Notes From The Garden Shed
This is the start of what is meant to become a communal blog – please chip in, by email to firstname.lastname@example.org or by using the Comment link …
When we moved back to Devon after four decades of city suburban, the surging power of the hedgerow was a bit worrying to start with. Left alone, it would clearly take over first the garden and then the house. At first, we were still thinking like townies – get the Black & Decker out, work out which of the many joins in the cable has come apart, eventually cut a kind of box shape, with a flat front and sort of squared top all round the premises.
In pursuit of this ideal, we acquired a range of tools. Last one was a long-reach electric trimmer, £50 immaculate with a good cable thrown in. The old fella our age who sold it said he found it a bit hard to use now and we soon found out what he meant.
The argument in The Shed was that electric made sense if you were cutting within range of your own power source. No fuel tank, less weight. Possibly true but most of the weight on the cutting arm is in the motor itself and this one is quite bulky. Is a petrol motor any more compact? This one is not easy to use for hard cutting from a ladder but it’ll do for the odd job. Meanwhile, we have finally found a kind of karma in relations with the hedge anyway.
The proper country attitude is to control the thing, not give it a manicure. Pick up a hand tool when you’re going that way and take off interlopers. Leave a patch which is promising to flower or fruit and see what you get. Intervene as required. When Gary Shirley left the village this summer, we coughed up £4 at his yard sale for a primitive lopper from his wife’s family’s shed – works a treat and reaches into most of the corners we bought the strimmer for. Three years ago, we stopped attacking a row of hazel and let it grow. This year, it delivered a shower of nuts at some point, although they all disappeared before we got there. And it’s ready to coppice out a bit, for new garden poles and sticks.
Our favourite way so far though of harvesting the hedge is to cut the brambles and briars in long lengths and trim them to make a kind of natural barbed wire. Pin it round the boundary of your veg bed with sticks and the odd proper tent peg and it least it’s a discouragement to slugs and mice. Push it down with a glove on one hand and a stick in the other, Repair and renew and improve for a few years and you end up with a kind of mini-hedge which actually looks like it might make a difference for an hour or two. And it’s not much more work than folding it into a garden waste bag.
on WINTER POSSIBILITIES
Microgreens, the chef’s version of vegetables, are easy to grow indoors, for results in a week or two, says The Guardian and these are worth a try …
RADISH, ROCKET, MUSTARD, CORIANDER, BASIL, BROCCOLI, SPINACH, BEETROOT, FENNEL, MIZUNA
This year’s rhubarb, every time we had a couple of pounds of fruit we boiled and mashed it and added two pounds of sugar in a gallon jar with yeast and water. First batch stopped too quickly but looked and tasted okay so we bottled it to see. Put the last pint in a decanter and left it for sampling one night. The night happened. Horrible. Immature and sour. But we think we know why. Second batch we brewed, we found a better way of squeezing out the pulp, using scrim cloth, and found a lot of good juice waiting to be had and it seems to have made a big difference to the fermentation. Watch out, however, for bursts in your squeezing cloth. It’s amazing how much white formica you can splatter with one shot of hot rhubarb paste under pressure.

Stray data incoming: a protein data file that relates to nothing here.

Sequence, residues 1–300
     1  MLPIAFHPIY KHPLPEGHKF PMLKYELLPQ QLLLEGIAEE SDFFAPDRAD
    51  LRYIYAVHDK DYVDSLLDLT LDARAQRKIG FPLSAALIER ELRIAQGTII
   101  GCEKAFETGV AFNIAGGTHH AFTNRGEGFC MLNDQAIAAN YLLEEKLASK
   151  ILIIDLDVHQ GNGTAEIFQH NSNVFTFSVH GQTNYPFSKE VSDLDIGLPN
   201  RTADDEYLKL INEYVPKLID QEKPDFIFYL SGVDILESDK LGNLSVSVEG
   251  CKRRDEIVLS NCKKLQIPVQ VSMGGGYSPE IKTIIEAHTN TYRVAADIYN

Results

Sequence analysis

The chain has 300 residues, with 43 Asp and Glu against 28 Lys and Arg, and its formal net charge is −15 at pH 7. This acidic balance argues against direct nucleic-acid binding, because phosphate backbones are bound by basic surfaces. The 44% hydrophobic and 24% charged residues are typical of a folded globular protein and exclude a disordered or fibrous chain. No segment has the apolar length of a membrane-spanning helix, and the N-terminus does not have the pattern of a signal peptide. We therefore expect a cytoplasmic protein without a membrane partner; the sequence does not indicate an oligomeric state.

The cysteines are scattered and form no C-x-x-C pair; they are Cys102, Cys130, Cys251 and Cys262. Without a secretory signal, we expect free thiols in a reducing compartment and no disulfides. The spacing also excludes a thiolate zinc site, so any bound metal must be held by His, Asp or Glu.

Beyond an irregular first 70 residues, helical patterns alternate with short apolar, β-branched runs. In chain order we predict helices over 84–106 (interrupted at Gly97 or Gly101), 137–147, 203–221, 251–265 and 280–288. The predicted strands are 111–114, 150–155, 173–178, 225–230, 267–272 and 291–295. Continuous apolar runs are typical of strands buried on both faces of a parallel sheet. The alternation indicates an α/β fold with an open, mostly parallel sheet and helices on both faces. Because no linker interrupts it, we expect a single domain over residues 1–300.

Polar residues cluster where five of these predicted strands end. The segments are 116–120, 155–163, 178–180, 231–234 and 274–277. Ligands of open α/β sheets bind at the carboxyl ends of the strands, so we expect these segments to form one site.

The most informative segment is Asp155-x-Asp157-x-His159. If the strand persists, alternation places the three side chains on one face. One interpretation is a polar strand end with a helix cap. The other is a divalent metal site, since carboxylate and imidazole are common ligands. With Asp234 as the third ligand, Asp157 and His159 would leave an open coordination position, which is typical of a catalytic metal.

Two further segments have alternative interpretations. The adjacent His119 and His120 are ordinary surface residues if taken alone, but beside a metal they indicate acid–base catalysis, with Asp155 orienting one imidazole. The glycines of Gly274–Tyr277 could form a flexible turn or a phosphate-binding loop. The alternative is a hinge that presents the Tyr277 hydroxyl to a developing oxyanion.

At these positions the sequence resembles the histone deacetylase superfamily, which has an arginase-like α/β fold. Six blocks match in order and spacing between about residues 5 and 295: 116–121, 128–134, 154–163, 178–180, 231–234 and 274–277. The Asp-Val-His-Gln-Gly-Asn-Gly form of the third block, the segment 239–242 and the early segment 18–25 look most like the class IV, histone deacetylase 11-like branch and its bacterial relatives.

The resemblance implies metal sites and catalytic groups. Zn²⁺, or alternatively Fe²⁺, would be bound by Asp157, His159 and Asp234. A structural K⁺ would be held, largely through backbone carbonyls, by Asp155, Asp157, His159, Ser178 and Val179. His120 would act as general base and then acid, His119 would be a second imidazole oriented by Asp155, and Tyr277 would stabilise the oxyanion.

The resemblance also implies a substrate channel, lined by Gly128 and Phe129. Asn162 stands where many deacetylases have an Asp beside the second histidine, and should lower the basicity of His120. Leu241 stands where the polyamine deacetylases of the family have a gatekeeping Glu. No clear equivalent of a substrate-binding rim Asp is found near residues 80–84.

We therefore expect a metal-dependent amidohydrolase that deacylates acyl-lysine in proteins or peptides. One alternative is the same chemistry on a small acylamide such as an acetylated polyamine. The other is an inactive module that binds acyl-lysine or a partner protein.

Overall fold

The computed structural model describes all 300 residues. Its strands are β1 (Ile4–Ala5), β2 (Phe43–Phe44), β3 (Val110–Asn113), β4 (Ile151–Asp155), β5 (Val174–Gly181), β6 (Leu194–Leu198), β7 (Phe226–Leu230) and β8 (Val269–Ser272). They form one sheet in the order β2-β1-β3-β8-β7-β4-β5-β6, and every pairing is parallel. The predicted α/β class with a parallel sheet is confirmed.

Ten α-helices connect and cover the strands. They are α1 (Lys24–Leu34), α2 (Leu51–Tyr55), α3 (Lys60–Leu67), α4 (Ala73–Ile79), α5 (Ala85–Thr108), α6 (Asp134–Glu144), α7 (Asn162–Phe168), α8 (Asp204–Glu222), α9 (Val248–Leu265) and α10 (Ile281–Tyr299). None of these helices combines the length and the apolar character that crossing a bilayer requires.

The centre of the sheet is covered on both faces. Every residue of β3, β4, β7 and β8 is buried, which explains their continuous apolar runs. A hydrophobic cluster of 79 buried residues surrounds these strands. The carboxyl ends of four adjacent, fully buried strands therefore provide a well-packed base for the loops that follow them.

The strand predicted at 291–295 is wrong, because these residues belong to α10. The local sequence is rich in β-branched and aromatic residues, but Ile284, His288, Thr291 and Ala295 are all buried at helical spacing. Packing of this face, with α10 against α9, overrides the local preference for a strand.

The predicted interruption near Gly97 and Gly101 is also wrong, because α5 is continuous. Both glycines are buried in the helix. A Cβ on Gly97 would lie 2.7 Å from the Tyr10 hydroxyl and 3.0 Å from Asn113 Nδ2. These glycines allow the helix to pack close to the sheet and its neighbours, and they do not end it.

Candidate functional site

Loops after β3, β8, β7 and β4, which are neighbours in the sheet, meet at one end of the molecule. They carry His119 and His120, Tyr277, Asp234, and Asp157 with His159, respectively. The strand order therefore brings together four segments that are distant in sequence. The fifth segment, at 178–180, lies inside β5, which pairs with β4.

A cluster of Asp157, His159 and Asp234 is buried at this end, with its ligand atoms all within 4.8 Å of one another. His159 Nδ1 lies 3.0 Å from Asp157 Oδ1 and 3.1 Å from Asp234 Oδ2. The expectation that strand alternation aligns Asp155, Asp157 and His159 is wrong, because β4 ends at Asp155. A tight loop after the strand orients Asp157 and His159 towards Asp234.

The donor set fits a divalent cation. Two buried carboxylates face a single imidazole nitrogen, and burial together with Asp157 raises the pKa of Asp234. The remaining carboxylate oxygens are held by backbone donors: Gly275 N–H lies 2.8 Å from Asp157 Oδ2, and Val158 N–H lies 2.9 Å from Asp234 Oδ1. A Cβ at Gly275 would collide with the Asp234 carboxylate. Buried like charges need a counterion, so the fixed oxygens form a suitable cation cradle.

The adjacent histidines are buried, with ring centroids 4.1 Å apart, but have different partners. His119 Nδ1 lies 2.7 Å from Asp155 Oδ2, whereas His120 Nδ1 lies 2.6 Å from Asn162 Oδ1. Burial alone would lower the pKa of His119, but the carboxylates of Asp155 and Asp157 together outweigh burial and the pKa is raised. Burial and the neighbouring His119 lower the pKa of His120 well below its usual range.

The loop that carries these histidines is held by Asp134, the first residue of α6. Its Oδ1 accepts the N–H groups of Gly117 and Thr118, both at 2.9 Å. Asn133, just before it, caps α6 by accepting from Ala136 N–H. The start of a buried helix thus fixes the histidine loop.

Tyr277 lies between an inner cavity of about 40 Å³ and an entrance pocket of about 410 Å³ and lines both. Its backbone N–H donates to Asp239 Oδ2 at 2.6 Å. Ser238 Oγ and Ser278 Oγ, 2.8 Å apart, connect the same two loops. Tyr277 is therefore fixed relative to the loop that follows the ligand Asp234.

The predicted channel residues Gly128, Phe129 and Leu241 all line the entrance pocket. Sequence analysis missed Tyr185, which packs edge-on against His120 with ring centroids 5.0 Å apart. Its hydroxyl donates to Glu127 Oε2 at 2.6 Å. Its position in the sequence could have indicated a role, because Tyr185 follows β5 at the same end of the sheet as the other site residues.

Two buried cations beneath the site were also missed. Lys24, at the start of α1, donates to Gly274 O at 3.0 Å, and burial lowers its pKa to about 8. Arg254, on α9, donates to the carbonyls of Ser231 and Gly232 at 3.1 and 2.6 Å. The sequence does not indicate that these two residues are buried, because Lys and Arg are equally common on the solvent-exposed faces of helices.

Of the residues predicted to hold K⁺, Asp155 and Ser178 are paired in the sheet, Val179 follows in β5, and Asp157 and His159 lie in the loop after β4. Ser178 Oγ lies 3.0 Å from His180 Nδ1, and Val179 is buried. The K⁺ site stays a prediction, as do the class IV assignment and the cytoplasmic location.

The second and third rhubarbs bubbled away nicely. But some apple alongside it was reluctant. In the end, mixed the two and the rhubarb yeast took over and all went well until we drained it off the lees at the end of summer and it stuck again, despite baths of warm water and hours on the sunbed. It’s now in the airing cupboard but a modern boiler doesn’t waste enough heat to make much difference. Holding on for a week of stove days to see if there is anything left to revive. Possibly. But probably 2 kilo of fruit per gallon would have been more like it.
The Shed took away a couple of gallons of the Leaping Salmon’s apple juice, from their pressing day a few weeks ago. Cider is what apples really want to be and we stuck a ferment lock on the jars and left em. Just come back from a few days away, three weeks later, and found it still going good guns, but decided to rack it to take some murk out. Now it’s going well again and there are other batches on the go round here. Next decision here is whether and when to add extra sugar. We’re leaving it for now. Should be some sampling to do around Christmas of Horrabridge Hooch 2019.
One for the builders:
The job was to scaffold for access to top roof and most other corners of a 16-sided house near Exmouth called A La Ronde. The contractor took six weeks to build it and billed the National Trust £45,000.
A Private War at Yelverton Cinema.
Eddie Izzard at Theatre Royal.
Salsa class and concert at Calstock Hall.
1920s party at Burgh Island Hotel, Bigbury – £75 a head.
Falmouth Oyster Week begins.
Tour de Moor bike race passes through Horrabridge .
And later …
Eliza and Pete Acty, local Americana duo, at Calstock Arts Friday 18th.
Horrabridge Fireworks Night now fixed for Friday Oct 25.
Wishbone Ash supported by legendary bluesmen The Groundhogs at Exeter Phoenix, October 26.
Cider & Cheese tasting afternoon at the Leaping Salmon on Sat Oct 26 – £12 a head.
Ex Edinburgh Fest act: Confessions Of A Cockney Temple Dancer – Calstock Arts, Friday Nov 1.
For the full calendar CLICK HERE